Birthday Weekend

Birthday petit-fours from my husband
Birthday petit-fours from my husband

It was my birthday this weekend. I have moved into a new demographic!

I decided I wanted to go to Northampton and Amherst for my birthday. There was a Poetry Festival in Amherst, but unfortunately, most of the events I wanted to go to were on Thursday or Friday before I could get there. Bummer. On Saturday, the Emily Dickinson House was sponsoring a marathon reading of all 1789 of her poems, but I really didn’t want to just dip in and out of that, so I wound up deciding to spend Saturday afternoon in Northampton.

Northampton and Amherst are college towns. Between the two of them, I count U Mass Amherst, Amherst College, Smith College, Mouth Holyoke College, and Hampshire College. I may be forgetting some. At any rate, they are close together, and with all those colleges, you can imagine the college-town vibe is strong. Northampton is definitely fairly funky, at least the downtown area.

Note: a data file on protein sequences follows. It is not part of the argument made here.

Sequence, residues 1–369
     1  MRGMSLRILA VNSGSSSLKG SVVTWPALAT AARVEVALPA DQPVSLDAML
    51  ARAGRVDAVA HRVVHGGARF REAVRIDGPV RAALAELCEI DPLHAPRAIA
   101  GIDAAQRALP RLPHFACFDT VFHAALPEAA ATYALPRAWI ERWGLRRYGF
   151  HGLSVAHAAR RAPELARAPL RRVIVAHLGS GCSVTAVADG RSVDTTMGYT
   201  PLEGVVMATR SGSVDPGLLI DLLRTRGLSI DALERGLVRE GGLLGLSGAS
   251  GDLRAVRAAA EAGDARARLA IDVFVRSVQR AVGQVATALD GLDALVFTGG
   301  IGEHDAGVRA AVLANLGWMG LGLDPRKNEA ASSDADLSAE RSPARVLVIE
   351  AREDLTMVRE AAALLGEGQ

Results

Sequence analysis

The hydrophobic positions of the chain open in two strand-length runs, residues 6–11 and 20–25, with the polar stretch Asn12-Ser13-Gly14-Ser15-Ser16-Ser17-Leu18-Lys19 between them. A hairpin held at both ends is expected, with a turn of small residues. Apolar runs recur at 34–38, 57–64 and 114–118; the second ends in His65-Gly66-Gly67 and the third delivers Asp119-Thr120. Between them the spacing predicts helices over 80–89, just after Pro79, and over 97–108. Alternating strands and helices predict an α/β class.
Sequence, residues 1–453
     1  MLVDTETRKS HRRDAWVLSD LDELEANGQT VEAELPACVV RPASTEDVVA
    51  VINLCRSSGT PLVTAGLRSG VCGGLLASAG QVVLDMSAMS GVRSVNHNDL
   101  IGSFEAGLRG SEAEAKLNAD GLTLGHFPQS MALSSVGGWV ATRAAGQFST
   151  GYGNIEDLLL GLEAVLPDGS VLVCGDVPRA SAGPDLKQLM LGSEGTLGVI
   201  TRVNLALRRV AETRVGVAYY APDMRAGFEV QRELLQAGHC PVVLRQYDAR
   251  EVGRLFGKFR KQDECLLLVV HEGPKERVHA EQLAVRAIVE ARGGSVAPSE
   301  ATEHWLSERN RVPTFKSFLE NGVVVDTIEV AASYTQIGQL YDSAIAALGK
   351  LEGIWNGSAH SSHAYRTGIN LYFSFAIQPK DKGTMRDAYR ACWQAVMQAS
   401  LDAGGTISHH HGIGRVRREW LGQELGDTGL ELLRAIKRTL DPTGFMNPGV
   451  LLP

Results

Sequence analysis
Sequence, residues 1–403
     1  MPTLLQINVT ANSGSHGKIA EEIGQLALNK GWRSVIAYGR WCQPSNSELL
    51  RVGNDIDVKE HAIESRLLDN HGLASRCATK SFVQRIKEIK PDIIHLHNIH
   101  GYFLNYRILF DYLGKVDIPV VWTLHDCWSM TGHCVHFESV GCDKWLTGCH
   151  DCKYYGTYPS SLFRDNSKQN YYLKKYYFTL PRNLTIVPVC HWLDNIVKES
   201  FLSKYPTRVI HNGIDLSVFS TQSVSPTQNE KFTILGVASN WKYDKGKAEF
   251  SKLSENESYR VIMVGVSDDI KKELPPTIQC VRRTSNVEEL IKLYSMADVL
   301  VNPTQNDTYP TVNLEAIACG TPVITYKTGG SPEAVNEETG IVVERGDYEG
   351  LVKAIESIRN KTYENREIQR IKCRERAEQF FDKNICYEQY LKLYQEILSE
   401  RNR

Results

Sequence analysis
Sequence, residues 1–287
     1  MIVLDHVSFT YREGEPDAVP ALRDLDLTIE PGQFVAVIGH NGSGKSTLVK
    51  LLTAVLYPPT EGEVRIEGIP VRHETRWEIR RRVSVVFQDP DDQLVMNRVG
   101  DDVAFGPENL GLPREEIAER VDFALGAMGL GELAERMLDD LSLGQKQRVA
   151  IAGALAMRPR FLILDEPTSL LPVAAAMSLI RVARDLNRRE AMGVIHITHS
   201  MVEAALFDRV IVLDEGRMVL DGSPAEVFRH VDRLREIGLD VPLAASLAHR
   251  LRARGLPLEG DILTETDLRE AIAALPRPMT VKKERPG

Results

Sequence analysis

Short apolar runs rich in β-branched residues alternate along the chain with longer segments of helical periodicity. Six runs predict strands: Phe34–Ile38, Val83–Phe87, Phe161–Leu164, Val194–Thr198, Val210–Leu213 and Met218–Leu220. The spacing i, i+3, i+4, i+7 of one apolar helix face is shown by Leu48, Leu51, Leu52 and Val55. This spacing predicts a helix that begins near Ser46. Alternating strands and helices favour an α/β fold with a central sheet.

We found a wonderful used bookstore. I loved it because the books were mostly in pristine condition. So many used bookstores don’t have really nice books, and most of them certainly don’t have the kind of selection Raven Used Books has. Here is my haul from Saturday.

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We went back today before leaving for home, and I scored two more books: Mary Sharratt’s Illuminations and Elena Mauli Shapiro’s 13 Rue Thérèse. The Club Dumas looks like it might be perfect for the R. I. P. Challenge, and who knew that there was a historical fiction novel about Hildegard von Bingen (Illuminations)? Byatt’s novel doesn’t have great reviews on Amazon, but I’ll give it a go. I loved Possession so much.

For my birthday lunch, we went to a burger place called Local Burger. Back when I was in college, I could get an excellent hamburger for about a buck at the cafeteria on campus. It had a nice charbroiled flavor, and it was juicy without being pink (pink ground beef skeeves me out). I hadn’t had a burger as good as those old cheap cafeteria burgers since. Until this one. And the fries were amazing.